Allen will be the second DeMatha player to commit to Virginia Tech in two seasons as freshman Nigel Munson is being groomed as Gordon’s playmaking successor.

The Hokies hope that group is building on an NCAA tournament appearance. Virginia Tech has been involved in March Madness only once in two decades. The Hokies have been through two coaches since then with Ricky Stokes being the latest to get fired in 2003. They have also changed conferences twice.

“The school has been a vagabond in leagues,” Greenberg said. “When we got to the Big East, we had a good place to recruit. And now we are in the ACC, which is the right geographic footprint. There a lot of places we can recruit.”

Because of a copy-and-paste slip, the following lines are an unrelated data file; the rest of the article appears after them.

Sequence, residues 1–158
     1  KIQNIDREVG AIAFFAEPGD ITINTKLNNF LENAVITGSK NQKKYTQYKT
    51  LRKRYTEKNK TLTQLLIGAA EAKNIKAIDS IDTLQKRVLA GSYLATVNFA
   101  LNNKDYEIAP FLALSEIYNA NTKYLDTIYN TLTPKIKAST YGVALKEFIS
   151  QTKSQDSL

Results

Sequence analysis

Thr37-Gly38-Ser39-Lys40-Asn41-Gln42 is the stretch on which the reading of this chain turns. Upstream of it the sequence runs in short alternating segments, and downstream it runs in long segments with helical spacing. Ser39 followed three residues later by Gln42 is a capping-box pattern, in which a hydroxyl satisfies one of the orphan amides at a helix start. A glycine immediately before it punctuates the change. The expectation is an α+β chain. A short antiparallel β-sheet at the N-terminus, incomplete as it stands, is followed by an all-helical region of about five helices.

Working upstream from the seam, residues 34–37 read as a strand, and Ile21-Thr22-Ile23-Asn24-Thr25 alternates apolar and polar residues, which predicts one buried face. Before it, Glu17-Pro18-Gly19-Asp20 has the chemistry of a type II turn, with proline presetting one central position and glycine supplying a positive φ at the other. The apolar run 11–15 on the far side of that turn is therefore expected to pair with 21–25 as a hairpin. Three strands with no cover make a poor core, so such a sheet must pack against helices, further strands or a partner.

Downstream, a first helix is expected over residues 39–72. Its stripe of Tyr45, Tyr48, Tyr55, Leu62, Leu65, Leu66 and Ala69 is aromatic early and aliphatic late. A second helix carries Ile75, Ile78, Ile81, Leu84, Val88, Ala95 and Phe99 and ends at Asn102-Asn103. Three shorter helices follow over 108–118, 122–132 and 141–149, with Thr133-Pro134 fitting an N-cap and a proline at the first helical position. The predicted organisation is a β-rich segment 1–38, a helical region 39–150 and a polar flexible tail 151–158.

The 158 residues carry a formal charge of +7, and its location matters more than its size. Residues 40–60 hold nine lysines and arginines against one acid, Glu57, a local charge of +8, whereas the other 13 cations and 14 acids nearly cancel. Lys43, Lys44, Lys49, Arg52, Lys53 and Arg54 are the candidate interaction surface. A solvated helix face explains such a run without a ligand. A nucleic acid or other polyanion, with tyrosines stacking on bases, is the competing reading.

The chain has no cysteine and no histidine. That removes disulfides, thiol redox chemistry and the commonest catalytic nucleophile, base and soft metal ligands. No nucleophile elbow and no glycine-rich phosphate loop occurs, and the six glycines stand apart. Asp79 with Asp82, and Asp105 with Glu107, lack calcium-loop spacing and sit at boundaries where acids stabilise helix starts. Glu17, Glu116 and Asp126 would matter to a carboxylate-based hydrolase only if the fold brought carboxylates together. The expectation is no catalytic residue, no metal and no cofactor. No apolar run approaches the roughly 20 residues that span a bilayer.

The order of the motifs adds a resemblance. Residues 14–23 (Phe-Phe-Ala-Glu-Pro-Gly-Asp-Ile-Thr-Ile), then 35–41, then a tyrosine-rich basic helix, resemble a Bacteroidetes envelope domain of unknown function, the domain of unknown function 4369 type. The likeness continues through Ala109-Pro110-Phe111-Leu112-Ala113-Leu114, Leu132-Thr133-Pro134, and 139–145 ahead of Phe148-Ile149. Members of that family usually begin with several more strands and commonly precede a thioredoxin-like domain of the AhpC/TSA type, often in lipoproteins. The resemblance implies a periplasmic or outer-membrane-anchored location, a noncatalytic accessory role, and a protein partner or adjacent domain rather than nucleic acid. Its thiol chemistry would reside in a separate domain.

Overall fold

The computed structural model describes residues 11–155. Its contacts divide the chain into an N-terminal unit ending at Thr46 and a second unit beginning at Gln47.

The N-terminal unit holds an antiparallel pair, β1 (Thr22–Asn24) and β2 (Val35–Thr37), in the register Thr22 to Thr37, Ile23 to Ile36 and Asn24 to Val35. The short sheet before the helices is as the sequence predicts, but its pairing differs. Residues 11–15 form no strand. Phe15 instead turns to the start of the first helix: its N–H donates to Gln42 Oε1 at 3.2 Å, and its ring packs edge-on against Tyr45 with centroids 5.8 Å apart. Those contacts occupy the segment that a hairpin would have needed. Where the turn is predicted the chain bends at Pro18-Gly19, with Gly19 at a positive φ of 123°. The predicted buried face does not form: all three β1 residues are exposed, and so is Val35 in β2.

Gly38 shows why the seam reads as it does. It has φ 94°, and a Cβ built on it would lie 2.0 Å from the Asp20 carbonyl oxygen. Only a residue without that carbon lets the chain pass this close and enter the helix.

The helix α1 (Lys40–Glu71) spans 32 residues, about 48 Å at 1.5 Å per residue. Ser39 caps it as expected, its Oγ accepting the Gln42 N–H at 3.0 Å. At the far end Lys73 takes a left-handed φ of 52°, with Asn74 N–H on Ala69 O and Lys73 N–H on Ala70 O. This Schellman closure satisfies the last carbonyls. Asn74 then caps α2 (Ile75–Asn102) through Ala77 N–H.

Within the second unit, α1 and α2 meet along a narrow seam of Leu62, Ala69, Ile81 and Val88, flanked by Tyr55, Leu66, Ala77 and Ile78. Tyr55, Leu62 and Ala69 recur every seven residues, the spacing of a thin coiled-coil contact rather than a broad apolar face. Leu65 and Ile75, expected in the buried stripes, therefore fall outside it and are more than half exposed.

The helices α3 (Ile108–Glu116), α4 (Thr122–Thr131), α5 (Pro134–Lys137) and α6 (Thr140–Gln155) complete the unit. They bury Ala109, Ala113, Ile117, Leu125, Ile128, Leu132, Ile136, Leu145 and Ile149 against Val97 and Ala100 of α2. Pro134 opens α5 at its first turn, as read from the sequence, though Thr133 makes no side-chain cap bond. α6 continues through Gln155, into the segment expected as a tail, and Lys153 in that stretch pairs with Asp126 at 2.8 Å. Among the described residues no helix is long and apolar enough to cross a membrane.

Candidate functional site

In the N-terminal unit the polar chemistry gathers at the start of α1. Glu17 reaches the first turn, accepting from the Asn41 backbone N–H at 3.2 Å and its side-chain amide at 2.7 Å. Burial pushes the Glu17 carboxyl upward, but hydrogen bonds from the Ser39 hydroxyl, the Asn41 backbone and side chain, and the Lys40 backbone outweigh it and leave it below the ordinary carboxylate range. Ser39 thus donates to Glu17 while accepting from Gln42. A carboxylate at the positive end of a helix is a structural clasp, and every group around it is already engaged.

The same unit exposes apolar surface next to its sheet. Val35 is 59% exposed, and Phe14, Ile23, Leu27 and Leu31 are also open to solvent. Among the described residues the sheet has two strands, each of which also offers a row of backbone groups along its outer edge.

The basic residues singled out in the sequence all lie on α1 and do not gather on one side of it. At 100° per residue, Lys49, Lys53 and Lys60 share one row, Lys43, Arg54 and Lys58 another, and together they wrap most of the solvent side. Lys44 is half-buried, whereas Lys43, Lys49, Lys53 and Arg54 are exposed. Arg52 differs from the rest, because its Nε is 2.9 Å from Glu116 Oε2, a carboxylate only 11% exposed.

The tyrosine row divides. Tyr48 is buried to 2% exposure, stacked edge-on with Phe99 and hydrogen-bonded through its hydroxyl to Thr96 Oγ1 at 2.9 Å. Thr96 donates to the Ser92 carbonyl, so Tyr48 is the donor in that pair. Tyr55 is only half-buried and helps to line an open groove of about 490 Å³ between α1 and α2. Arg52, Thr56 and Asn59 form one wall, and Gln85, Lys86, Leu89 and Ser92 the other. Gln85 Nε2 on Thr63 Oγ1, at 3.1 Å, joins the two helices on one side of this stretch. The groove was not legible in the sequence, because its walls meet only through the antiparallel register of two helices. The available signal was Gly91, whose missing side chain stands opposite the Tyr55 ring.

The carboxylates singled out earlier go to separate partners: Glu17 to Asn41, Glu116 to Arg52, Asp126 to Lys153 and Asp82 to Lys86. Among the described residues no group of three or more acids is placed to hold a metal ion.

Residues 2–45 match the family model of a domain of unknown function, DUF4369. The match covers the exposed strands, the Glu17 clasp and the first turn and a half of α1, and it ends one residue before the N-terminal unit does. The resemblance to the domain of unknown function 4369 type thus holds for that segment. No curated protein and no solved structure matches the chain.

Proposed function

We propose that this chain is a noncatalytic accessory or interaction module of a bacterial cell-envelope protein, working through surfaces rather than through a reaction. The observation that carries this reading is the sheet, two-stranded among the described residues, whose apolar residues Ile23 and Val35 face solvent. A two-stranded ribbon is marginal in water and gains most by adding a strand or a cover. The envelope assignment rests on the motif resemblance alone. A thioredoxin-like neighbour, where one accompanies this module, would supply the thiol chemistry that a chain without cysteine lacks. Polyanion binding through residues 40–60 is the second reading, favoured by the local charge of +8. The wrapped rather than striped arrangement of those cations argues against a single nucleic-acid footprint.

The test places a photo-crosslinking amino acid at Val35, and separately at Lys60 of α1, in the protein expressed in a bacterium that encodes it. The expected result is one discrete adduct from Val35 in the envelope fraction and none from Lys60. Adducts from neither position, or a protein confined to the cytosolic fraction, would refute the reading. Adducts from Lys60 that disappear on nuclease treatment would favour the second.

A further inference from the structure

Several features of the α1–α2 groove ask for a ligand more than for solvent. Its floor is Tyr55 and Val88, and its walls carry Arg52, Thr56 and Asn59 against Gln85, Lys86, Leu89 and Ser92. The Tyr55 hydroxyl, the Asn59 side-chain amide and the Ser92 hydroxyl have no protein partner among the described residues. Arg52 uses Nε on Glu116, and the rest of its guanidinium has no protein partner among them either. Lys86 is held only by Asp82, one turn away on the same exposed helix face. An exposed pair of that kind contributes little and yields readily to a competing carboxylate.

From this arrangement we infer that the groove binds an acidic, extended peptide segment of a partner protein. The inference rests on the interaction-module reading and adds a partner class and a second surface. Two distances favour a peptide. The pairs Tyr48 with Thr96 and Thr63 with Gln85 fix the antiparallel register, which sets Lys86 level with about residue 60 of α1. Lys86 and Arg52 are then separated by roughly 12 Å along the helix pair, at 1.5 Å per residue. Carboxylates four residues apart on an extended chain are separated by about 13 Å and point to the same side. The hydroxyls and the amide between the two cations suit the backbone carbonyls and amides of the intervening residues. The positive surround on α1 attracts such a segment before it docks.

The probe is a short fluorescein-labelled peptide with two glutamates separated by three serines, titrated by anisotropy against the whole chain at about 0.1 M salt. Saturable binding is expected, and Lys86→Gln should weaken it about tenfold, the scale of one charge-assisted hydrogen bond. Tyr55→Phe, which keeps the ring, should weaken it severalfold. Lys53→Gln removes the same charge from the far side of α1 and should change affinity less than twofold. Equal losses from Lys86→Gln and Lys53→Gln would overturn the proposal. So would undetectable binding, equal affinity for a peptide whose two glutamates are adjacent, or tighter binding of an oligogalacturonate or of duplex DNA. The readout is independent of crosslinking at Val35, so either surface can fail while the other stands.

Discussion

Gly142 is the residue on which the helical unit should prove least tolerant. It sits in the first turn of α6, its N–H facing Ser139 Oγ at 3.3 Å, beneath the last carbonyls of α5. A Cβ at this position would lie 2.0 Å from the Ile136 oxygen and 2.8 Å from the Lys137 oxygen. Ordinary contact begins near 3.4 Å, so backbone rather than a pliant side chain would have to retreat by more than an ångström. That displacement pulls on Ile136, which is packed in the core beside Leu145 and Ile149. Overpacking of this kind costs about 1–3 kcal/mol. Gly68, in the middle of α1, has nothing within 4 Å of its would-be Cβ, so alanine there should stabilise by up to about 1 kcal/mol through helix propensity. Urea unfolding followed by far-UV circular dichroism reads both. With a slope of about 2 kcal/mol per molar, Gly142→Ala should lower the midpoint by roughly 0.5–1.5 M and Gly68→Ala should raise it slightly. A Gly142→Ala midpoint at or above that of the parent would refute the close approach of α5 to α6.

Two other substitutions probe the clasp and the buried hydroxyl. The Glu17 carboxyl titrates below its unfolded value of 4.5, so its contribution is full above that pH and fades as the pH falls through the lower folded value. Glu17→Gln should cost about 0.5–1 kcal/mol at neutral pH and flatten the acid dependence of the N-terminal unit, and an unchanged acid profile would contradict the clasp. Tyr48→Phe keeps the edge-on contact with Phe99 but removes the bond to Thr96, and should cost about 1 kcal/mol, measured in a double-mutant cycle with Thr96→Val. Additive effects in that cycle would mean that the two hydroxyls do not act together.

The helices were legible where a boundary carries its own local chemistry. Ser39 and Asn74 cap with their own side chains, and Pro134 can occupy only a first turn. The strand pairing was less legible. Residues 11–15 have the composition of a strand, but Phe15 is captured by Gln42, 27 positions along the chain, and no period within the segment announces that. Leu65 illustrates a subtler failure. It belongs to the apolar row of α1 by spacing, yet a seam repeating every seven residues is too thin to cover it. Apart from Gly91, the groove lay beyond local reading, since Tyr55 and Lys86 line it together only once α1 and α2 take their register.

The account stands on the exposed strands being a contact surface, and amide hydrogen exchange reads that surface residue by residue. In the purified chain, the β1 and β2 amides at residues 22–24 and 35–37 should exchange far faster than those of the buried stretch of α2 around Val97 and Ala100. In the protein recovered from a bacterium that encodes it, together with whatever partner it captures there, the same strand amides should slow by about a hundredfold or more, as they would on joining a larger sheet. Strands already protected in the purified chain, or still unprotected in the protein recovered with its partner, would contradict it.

And hoops is now an attraction in the sleepy southwestern Virginia town. They sell out the 9,847-seat Cassell Coliseum, a quaint arena with the feel of a smaller Cole Field House. The 46-year old venue was recently modernized and there are no plans for a new building. However, plans are in the works for a state-of-the-art practice facility.

Virginia Tech administrators don’t believe a modern, enlarged arena is necessary to compete in the ACC. Instead, athletic director Jim Weaver feels Greenberg can do for the basketball program what Frank Beamer did for football.

“You have to get the right bell cow in any [sport] to have sustained success over time,” Weaver said. “You have to try to get the best coach you can possibly get who can run a program and recruit like heck. And that is what we did.”